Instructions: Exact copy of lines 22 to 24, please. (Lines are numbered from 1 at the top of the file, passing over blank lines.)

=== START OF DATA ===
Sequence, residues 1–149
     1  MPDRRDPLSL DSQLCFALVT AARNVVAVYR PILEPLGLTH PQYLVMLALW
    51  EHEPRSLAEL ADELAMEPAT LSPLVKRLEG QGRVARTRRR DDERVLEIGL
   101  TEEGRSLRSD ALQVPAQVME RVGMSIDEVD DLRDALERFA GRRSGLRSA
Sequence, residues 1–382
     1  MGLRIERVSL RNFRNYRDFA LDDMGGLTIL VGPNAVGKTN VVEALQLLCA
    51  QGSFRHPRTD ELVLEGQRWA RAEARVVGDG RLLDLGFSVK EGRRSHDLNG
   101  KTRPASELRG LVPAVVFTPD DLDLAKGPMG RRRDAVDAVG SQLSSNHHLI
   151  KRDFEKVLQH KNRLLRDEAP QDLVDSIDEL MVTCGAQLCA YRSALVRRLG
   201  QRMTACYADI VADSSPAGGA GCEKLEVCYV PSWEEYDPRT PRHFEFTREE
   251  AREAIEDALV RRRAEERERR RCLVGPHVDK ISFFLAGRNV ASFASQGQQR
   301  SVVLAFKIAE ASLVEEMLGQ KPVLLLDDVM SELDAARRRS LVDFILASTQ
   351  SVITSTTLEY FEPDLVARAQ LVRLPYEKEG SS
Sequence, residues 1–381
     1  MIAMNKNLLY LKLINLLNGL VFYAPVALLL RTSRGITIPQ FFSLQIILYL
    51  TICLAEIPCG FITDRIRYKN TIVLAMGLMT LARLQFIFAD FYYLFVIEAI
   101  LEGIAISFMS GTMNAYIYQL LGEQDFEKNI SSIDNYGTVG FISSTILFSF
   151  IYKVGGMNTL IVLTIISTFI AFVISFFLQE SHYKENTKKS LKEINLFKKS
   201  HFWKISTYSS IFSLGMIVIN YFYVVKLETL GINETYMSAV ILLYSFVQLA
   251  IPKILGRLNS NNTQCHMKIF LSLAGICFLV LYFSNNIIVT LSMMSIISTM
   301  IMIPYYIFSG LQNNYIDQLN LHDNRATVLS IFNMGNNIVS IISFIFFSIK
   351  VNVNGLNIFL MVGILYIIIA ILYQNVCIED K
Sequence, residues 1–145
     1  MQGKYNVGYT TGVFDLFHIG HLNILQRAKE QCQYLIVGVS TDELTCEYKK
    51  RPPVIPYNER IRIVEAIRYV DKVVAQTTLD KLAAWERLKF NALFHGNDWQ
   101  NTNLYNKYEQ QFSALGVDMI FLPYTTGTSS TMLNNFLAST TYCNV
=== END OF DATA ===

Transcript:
   351  VNVNGLNIFL MVGILYIIIA ILYQNVCIED K
Sequence, residues 1–145
     1  MQGKYNVGYT TGVFDLFHIG HLNILQRAKE QCQYLIVGVS TDELTCEYKK